Apple showed off slow-motion selfies at its iPhone 11 Pro unveiling this week and jokingly referred to them as “slofies.” But it turns out the company was more serious about the term than you may have thought — it has filed an application to trademark it.
The trademark application, filed last Friday, aims to reserve the word “slofie” in connection with “downloadable computer software for use in capturing and recording video.”
A new feature in the iPhone 11 series smartphones, “slofies” will allow users to shoot selfies with the front-facing camera at 120 frames per second. When played back at a slower frame rate, the slow-motion footage can reveal details that weren’t previously possible with previous iPhone front-facing cameras.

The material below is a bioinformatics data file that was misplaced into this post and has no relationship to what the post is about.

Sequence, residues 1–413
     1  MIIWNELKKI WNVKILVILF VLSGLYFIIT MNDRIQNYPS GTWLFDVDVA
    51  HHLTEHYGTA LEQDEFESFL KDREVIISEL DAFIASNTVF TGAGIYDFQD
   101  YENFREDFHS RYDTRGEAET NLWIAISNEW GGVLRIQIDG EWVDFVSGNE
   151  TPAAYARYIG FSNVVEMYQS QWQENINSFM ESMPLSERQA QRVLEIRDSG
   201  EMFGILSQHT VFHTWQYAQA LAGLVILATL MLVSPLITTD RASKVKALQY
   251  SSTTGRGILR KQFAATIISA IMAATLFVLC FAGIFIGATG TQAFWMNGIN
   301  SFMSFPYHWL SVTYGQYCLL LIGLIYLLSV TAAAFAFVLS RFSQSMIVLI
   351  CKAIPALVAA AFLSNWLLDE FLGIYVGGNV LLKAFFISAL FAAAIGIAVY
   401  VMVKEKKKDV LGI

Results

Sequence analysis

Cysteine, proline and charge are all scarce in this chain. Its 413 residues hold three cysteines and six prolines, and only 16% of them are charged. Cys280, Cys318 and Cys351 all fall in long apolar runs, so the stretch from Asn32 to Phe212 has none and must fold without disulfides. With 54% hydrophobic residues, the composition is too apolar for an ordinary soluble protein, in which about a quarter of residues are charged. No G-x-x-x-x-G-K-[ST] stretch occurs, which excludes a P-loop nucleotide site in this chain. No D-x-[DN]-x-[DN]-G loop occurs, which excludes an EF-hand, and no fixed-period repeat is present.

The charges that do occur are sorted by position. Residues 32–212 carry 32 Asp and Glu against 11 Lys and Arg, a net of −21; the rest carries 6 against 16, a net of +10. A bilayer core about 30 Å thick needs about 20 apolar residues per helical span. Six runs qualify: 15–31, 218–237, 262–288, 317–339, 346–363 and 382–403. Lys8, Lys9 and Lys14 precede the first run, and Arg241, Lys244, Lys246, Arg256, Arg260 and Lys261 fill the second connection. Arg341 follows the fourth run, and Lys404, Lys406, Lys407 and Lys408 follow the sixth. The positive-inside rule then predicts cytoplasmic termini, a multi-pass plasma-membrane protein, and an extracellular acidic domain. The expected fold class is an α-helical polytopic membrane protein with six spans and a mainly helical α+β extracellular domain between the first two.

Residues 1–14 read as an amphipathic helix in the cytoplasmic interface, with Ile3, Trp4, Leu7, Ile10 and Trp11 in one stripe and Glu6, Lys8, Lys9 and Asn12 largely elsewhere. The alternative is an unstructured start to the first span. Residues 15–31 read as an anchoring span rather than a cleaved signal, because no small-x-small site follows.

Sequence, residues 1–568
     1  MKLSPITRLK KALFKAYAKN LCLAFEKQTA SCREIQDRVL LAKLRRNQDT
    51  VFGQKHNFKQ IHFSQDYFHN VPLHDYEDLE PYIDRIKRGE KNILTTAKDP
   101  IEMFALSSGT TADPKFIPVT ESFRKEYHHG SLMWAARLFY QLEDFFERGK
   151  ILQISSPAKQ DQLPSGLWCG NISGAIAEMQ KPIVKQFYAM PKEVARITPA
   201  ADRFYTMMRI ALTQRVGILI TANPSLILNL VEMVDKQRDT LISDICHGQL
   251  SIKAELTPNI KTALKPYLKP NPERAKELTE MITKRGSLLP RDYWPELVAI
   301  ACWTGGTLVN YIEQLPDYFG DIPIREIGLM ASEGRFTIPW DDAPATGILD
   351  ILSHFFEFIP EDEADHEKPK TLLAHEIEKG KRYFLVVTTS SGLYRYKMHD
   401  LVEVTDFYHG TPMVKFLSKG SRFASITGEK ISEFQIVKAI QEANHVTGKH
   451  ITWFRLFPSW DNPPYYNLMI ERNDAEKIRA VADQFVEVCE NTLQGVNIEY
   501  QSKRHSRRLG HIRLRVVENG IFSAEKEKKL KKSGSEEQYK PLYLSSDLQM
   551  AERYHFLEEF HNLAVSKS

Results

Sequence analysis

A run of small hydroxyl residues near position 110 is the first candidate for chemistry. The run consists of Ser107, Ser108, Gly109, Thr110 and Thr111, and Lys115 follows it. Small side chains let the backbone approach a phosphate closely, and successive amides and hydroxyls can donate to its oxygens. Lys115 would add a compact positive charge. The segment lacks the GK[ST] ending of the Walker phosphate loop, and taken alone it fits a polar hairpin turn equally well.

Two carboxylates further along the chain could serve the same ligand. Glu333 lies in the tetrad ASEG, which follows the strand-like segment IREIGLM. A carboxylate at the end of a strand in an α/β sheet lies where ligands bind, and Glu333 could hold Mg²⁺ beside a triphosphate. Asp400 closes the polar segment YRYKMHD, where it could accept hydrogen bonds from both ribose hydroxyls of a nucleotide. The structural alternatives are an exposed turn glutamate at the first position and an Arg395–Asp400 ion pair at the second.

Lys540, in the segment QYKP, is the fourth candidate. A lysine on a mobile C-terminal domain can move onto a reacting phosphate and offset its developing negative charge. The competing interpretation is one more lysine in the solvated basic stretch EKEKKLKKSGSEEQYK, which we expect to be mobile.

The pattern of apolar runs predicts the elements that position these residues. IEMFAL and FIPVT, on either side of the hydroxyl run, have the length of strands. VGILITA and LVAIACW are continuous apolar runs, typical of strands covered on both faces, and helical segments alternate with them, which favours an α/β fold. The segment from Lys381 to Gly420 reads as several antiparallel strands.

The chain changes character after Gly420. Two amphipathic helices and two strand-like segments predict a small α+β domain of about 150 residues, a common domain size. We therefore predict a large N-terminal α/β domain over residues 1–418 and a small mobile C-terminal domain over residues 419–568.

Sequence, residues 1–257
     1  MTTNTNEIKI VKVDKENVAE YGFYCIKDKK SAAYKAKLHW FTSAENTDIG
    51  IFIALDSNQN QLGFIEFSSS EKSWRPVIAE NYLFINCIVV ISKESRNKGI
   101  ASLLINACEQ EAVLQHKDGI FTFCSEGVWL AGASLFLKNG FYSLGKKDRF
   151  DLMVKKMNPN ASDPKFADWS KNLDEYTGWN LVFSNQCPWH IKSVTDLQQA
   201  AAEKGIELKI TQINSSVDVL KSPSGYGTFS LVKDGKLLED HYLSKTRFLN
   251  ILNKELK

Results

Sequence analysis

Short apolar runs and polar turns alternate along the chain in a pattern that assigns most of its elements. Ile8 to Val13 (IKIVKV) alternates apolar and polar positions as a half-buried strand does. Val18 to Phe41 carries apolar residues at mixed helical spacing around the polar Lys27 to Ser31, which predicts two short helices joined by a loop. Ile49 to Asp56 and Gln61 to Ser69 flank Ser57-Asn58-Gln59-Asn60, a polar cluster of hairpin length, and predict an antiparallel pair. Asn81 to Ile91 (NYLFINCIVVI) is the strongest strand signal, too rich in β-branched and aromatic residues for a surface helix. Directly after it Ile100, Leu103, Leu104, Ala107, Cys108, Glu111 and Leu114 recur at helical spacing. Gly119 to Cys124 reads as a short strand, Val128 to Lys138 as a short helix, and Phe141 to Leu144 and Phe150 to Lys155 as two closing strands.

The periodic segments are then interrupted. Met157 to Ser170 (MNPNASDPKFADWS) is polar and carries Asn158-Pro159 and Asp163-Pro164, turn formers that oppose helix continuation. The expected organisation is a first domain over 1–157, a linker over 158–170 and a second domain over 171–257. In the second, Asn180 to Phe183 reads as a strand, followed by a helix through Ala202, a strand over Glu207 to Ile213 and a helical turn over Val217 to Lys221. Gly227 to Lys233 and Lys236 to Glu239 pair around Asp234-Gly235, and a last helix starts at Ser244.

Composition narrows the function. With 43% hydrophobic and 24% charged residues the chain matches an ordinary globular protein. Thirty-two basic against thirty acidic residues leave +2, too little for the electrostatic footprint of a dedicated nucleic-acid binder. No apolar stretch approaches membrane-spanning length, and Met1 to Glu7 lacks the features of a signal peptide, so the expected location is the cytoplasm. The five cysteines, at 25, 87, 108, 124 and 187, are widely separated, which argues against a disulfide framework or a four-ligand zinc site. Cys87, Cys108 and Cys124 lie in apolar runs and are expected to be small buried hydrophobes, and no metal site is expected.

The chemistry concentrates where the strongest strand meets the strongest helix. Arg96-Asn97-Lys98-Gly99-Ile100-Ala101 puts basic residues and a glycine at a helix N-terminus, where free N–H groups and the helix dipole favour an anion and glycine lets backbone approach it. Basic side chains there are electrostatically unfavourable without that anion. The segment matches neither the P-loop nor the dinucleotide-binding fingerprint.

“[T]his trademark seems to be more about preventing other companies from making slofie-branded camera apps than it is about limiting popular usage of this totally made-up word,” The Verge notes. “Apple has reason to want to prevent the creation of knock-off slofie apps, too, since slofies are meant to be exclusive to the new iPhones.”
Despite Apple’s efforts to trademark the term, it doesn’t look like it’ll appear anywhere within the iOS Camera app itself (yet), as users will still be selecting the “slo-mo” setting while shooting front-facing video.